American Under. Corp. v. Rhode Island Hosp. Tr. Co.

Annotate this Case

303 A.2d 121 (1973)


No. 1694-Appeal.

Supreme Court of Rhode Island.

April 20, 1973.

*122 Pucci, Zito & Goldin, Samuel A. Olevson, Providence, for plaintiff.

Charles J. McGovern, Providence, for defendant.



This is an appeal from a judgment entered in the Superior Court for the defendant, the Rhode Island Hospital Trust Company (hereinafter referred to as the bank or Hospital Trust) in a suit on an endorsement of a draft by the plaintiff, American Underwriting Corporation (hereinafter referred to as American Underwriting).

While in this case the facts are not in dispute, the factual situation is highly unusual. A proper understanding of the case requires a detailed explanation of the financial procedures pursuant to which drafts similar to the one under consideration here are issued.

American Underwriting, a finance company, provides relatively low-rate automobile financing. The company makes its loans through a "draft acceptance system." Blank draft forms are placed with 400 to 500 dealers in New England, who are generally insurance agents or automobile clubs. These dealers find the customers for American Underwriting and in return receive a small percentage of the loan as commission. When the dealer has a prospect for an auto loan, he prepares a financial statement on the borrower and a security agreement covering the automobile that is to be the collateral for the loan. These documents are forwarded to American Underwriting for review. Concurrently, the dealer prepares a draft. On the face of the draft he fills in the amount of the loan, the name of the borrower, and the description of the automobile that is to be the security. On the back of the draft, an endorsement is prepared to be signed by the present owner of the automobile or the present security holder therein. The endorsers, by accepting payment of the draft, agree to furnish to American Underwriting title to the automobile for which the draft is issued, and said title is encumbered by the amount of the loan.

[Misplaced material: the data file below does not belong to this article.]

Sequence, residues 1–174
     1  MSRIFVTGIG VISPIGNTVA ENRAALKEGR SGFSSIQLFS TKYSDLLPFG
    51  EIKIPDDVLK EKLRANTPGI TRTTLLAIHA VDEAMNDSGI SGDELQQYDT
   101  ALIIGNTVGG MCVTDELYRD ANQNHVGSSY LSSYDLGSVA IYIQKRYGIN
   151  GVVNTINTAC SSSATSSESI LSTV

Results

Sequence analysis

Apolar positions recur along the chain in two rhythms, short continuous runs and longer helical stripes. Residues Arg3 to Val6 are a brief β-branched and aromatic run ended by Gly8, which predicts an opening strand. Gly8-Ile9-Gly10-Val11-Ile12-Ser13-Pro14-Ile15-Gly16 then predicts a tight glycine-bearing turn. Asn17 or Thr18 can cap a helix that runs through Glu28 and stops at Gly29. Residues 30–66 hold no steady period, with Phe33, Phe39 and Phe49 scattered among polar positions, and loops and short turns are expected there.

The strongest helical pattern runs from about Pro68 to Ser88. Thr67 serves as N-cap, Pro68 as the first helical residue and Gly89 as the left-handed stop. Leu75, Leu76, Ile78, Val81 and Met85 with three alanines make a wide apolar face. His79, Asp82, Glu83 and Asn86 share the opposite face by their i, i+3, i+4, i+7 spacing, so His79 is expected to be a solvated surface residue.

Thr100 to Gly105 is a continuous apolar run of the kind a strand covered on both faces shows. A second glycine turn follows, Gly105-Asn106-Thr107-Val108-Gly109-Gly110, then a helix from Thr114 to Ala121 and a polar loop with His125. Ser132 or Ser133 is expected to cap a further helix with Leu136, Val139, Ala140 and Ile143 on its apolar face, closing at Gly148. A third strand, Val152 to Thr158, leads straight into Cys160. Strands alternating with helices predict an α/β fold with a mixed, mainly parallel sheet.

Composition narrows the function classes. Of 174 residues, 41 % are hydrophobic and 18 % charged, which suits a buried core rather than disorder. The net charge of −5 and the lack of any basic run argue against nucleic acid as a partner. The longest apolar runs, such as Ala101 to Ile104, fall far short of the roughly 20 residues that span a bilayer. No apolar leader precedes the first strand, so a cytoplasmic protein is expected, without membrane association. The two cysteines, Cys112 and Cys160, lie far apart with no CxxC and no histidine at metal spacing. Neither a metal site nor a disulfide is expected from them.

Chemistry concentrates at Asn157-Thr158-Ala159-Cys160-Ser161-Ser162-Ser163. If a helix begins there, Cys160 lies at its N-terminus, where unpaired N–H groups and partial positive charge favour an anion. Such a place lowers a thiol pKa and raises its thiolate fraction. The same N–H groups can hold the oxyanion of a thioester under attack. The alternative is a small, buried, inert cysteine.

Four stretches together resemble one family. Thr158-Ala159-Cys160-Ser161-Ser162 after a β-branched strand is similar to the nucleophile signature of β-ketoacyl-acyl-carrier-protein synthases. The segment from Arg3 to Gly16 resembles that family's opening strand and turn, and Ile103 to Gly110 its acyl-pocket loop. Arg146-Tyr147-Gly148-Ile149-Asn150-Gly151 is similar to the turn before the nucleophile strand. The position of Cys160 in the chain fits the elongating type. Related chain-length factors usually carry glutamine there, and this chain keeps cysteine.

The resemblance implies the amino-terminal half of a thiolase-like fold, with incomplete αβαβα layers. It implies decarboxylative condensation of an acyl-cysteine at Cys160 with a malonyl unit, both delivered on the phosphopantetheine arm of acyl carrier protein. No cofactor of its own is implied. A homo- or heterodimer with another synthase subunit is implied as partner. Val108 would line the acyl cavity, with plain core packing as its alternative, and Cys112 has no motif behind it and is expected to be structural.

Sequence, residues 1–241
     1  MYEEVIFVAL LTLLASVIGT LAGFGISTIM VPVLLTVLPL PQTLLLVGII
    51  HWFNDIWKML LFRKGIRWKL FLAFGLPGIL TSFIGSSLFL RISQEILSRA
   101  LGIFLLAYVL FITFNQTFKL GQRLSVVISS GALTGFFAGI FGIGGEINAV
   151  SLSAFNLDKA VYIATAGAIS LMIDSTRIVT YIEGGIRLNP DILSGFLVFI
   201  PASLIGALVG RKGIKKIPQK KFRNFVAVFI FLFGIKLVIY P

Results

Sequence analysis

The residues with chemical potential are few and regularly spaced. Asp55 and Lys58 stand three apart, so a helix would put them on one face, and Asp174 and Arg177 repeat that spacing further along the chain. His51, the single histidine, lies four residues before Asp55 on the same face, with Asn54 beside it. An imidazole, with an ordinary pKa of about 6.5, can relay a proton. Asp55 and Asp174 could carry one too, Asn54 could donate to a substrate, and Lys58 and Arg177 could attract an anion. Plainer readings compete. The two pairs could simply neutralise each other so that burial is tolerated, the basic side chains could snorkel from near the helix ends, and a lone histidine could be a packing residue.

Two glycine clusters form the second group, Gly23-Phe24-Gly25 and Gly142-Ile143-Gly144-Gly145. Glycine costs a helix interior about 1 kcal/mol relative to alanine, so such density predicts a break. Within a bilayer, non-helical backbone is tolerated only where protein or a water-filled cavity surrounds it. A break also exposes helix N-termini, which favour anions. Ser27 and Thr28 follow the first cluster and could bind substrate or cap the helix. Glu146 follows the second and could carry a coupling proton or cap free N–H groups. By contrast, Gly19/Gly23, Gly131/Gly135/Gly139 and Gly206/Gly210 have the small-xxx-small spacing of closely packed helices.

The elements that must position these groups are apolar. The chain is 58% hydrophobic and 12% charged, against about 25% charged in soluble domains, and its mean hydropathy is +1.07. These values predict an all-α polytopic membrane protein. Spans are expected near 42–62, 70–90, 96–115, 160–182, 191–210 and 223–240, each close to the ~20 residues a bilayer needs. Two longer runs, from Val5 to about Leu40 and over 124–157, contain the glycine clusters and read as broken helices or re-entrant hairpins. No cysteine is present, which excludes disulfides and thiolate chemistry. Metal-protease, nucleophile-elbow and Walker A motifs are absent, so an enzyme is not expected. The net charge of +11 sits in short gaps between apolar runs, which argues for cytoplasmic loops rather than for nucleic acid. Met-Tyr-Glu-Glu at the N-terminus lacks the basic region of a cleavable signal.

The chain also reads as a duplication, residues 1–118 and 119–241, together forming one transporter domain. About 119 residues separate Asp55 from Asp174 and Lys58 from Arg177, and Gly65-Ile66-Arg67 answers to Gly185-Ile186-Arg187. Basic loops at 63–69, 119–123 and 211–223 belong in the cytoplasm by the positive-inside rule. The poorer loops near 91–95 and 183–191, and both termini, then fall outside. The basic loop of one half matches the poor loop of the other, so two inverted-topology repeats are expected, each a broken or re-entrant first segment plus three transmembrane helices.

Once the draft is prepared it is given to the borrower, who signs it and then endorses the draft to the owner of the car or owner of a security interest in the car. Such owner, who may be a car dealer, a bank, or a finance company, also endorses the draft and sends it through banking channels to the First National Bank of Boston for acceptance. The First National Bank of Boston notifies American Underwriting of receipt of the draft, and American Underwriting reviews the information gathered by the dealer and determines whether or not to make the loan. If American Underwriting accepts the loan, it *123 issues a check to the First National Bank of Boston for the amount of the draft. This money ultimately reaches the car dealer, bank, or finance company, as the case may be, who thereupon releases the automobile to the borrower.

With this background, we can turn to the draft issued in this case. Brody S. Merritts owned a Mustang that was financed by Hospital Trust. In June, 1968, the loan was in default, and the bank had repossessed the car and stored it with Dunne Ford Sales. Miss Merritts desired to purchase a 1968 Javelin from Stadium Motors, but she needed to retrieve her Mustang for purposes of a trade-in. She went to the Automobile Club of Rhode Island (hereinafter referred to as AAA) and obtained a draft of American Underwriting in the amount of $2,300, which stated that it was secured by a 1968 Javelin. She took the draft to Thomas F. Flynn, who was collection manager in the installment loan department of the bank, in an effort to redeem her car.

Mr. Flynn told her that he could not accept the draft because it referred to a different car. He asked her where she had obtained the draft, and she told him the AAA gave it to her. Mr. Flynn called the AAA and spoke to Kenneth G. Wood, who had issued the draft. Mr. Flynn explained that the bank held Miss Merritts' Mustang and knew nothing of a Javelin. Mr. Wood told Mr. Flynn that he was aware of the discrepancy, but Miss Merritts was going to trade the Mustang in on the Javelin. In such circumstances, he indicated that it was proper for the bank to process the draft.

Mr. Flynn obtained the bank's endorsement on the draft, and it was forwarded to the First National Bank for acceptance. American Underwriting approved the draft, and Hospital Trust subsequently received $2,300 in proceeds from the draft. The money was applied to Miss Merritts' account to pay off the $2,050.77 loan on the Mustang and a $56 personal loan. Miss Merritts received in cash the balance of $193.16.

The deal then ceased to proceed according to plan. Miss Merritts never bought the Javelin but rather took her Mustang and kept it. Moreover, she failed to make any payments to American Underwriting on her $2,300 loan. American Underwriting contacted Hospital Trust, and at that point it first learned that the bank never had an interest in the Javelin. Apparently, the AAA had never forwarded to American Underwriting the information obtained in the conversation between Mr. Flynn and Mr. Wood. American Underwriting sued Hospital Trust, who in turn brought a third-party action against Miss Merritts. The plaintiff sought recovery from Hospital Trust for its failure to deliver the security interest in the Javelin which plaintiff claims it agreed to do when it endorsed the draft.